This article exposes two parallels related to big tech. One being, capitalism’s metamorphosis into techno-feudalism and the other being the failure to capture a share of our total economic value produced through our labor and or through our technological inputs. It must be re-emphasized that we create the value of a product, the masses have always been the creators of value, and consequently the destroyers as well.
“Wealth is still concentrated in the hands of a few powers whose wasteful economies are maintained by the exploitation of the labor…”
Fidel Castro, Former President of Cuba, speaking on behalf of the Non-Aligned Movement in 1979
These words, enthusiastically emphasized by Fidel Castro during his speech in front of the United Nations in 1979, not only sum up inequality being attributed to the exploitation of powerful entities on their laboring class and their imperialist schematics, but also perhaps foreshadow, to a certain degree, capitalism’s evolution into techno-feudalism, as emphasized by former Finance Minister of Greece’s parliament, Yanis Varoufakis.
Yes, wealth is still concentrated in the hands of a few powers that be. Big tech, and consequently big banks whose means are to consolidate, further exploit the masses in a much larger and influential way and scale. Whom are the exploited? Simply anyone with a digital gadget or asset. Call it what you will, whether it be a cellular phone, laptop, and or television. Any device that connects to the internet that you own and utilize assumes you, the user, as simply data that can be extracted as information that big tech then utilizes to sell back to you. Thus, the free and voluntary input that we give to these devices, the postings, liking, and sharing of social media posts, the downloading of certain applications and abiding by their agreements, and the emergence of online shopping as well as artificial intelligence, further trains these cloud/data servers as it sells itself back to us, the creators of its increasingly growing economic value. Yet we, the creators of the economic value to these data sets, do not get a piece of the profit or “cake”, it ignores us and all goes to the profiteers and monopolists of big tech. This is mainly due to a majority of us lacking the knowledge of the extent of the economic value we actually create. One does not know of their limit until reached, and one does not know of their potential until met.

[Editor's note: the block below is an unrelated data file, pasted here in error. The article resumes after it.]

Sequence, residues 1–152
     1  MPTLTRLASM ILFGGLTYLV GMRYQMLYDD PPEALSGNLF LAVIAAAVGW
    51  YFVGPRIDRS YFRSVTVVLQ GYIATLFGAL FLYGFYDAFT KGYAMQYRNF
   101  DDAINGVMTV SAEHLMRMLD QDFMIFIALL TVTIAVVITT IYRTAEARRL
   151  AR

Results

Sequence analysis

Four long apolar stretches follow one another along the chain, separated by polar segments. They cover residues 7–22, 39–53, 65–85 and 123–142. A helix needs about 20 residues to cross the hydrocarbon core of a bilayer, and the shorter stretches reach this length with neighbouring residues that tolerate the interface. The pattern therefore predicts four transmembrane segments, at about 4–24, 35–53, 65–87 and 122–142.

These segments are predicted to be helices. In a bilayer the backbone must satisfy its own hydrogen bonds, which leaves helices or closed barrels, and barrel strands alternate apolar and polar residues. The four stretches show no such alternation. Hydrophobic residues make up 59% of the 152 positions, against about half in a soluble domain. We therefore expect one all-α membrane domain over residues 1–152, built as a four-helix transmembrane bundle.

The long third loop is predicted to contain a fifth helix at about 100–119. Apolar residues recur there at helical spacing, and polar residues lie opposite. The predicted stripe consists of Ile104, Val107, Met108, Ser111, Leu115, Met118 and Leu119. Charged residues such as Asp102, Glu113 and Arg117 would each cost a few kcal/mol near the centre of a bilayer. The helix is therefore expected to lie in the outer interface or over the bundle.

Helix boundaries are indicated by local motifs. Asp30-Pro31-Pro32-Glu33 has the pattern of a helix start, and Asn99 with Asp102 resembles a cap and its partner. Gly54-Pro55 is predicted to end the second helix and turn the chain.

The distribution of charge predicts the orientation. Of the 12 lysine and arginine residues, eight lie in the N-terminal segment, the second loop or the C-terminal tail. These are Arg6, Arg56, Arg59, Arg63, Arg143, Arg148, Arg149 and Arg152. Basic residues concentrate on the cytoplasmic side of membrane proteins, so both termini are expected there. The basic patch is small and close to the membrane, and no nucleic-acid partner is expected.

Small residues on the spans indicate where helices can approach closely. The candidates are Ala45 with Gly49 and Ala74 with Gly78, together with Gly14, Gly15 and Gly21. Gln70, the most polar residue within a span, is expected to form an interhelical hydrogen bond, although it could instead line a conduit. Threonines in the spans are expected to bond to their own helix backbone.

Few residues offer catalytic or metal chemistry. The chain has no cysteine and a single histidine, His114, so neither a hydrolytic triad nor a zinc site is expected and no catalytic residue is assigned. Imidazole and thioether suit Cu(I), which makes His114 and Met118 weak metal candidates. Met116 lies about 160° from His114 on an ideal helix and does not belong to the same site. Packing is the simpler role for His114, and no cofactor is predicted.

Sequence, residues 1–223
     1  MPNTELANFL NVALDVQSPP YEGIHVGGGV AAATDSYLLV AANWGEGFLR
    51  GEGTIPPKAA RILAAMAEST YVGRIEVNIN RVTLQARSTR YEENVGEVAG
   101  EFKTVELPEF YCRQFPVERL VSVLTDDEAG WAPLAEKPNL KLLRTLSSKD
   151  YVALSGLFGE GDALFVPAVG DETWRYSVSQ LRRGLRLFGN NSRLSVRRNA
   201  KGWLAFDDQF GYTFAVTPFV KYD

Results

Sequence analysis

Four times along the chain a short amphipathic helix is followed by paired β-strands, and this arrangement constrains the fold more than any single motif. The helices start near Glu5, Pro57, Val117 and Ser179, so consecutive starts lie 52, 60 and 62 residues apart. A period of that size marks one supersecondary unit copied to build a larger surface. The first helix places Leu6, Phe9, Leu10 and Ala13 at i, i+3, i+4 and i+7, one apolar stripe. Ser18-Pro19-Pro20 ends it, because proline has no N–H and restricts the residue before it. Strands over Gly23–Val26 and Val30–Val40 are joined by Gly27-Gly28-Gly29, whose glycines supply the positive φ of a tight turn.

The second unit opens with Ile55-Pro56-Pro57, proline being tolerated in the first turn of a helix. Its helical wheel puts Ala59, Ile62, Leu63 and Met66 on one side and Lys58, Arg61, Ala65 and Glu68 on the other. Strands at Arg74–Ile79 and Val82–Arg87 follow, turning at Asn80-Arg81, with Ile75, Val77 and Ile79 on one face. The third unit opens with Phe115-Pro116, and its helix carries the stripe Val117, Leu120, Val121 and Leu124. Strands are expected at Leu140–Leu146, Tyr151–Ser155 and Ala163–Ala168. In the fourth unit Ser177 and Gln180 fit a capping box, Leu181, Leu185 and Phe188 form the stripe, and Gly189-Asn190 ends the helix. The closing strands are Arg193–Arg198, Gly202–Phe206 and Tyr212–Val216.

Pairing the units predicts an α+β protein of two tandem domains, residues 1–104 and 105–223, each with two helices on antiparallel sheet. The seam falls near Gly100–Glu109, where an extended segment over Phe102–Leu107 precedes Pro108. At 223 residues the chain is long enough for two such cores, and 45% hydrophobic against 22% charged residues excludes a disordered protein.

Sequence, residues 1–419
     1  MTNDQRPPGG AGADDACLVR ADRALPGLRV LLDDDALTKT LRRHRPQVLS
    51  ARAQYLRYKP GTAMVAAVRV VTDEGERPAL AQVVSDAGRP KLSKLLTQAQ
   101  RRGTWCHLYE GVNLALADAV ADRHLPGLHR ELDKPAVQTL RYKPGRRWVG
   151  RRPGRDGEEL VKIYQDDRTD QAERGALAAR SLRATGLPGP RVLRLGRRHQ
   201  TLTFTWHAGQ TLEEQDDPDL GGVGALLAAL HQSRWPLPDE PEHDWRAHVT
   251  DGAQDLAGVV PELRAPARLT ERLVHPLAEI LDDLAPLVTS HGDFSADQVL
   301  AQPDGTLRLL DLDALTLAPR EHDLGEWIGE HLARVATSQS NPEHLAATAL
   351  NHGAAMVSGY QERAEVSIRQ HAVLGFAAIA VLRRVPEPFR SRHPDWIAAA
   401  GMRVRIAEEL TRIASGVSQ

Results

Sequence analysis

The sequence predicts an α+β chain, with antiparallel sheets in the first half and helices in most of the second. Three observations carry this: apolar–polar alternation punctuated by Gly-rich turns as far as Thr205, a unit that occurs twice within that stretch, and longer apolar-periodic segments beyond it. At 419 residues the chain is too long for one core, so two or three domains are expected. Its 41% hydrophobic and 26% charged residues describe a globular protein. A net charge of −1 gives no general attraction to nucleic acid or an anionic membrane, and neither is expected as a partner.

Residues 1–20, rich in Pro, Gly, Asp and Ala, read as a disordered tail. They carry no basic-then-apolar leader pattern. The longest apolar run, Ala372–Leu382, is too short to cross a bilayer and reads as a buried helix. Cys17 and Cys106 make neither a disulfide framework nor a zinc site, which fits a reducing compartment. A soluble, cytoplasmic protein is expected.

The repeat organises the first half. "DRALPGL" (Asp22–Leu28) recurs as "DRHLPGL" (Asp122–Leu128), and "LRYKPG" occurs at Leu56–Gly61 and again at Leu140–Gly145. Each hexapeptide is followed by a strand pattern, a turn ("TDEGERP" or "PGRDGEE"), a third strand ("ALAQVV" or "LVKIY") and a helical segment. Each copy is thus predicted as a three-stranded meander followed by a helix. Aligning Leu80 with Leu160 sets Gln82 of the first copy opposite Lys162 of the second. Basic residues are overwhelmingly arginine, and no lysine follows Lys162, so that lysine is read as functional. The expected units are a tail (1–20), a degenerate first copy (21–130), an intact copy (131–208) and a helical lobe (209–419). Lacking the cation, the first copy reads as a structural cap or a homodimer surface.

To dive into the concept of our failed capture or share of the extent of our total economic value that we produce, I offer you an example void of any technological jargon. I currently work for Nike Inc. as a Sales Associate. In our sales training meeting for the anticipation of our newly opened store front, it was emphasized to us that we should sign up as many non-Nike members as we can during each of our shifts. The signing up process entails prospects to create a Nike account with a legitimate email and then download the Nike app with the newly created account that was just made. It was lucidly emphasized to us that every new member “digitally” created was valued to be an additional $134 to the large American conglomerate. This provides the technology side of Nike many advantages. It was our job as sales associates to attempt to lure as many people in signing up. Now let’s say I succeeded in signing up 5 people for the day during my shift, which was nothing out of the ordinary. Apart from my hourly wage, I have created an additional $670 in value toward the conglomerate yet receive nothing from it. This highlights and demonstrates the core principle that this article asserts: the total economic value that we, the users of technology, produce are unrealized, fueling the cementation of big tech as monopolists, feudal lords and increases inequality.
Every time you search a query on Google, you train it. Google increases in value with every new search query. Despite searching for the query and essentially increasing Google’s value, you are not incentivized. Now, Google was founded in 1998, over the years it has transformed itself from just being a search engine application to selling its own Google Pixel phones. This exemplifies the monopolistic trend that the big players in big tech have taken. Their secret for growth? Simply put, the capitalization of the people’s ignorance on the extent of their total economic value.
X’s (formerly Twitter) newly implemented monetization plan is the path in the right direction in which more big tech companies should emulate.
Thus, this article exposes two parallels. One being, capitalism’s metamorphosis into techno-feudalism and the other being the failure to capture a share of our total economic value produced through our labor and or through our technological inputs. It must be re-emphasized that we create the value of a product, the masses have always been the creators of value, and consequently the destroyers as well.